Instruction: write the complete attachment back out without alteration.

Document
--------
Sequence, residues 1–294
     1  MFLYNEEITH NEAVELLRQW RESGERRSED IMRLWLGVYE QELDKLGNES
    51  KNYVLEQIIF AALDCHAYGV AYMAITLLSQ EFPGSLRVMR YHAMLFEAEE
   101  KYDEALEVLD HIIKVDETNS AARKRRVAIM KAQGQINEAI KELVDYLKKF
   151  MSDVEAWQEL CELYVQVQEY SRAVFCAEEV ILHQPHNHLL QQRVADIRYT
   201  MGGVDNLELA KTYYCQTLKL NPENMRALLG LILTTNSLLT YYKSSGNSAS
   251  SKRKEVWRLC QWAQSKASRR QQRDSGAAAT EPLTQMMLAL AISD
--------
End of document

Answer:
Sequence, residues 1–294
     1  MFLYNEEITH NEAVELLRQW RESGERRSED IMRLWLGVYE QELDKLGNES
    51  KNYVLEQIIF AALDCHAYGV AYMAITLLSQ EFPGSLRVMR YHAMLFEAEE
   101  KYDEALEVLD HIIKVDETNS AARKRRVAIM KAQGQINEAI KELVDYLKKF
   151  MSDVEAWQEL CELYVQVQEY SRAVFCAEEV ILHQPHNHLL QQRVADIRYT
   201  MGGVDNLELA KTYYCQTLKL NPENMRALLG LILTTNSLLT YYKSSGNSAS
   251  SKRKEVWRLC QWAQSKASRR QQRDSGAAAT EPLTQMMLAL AISD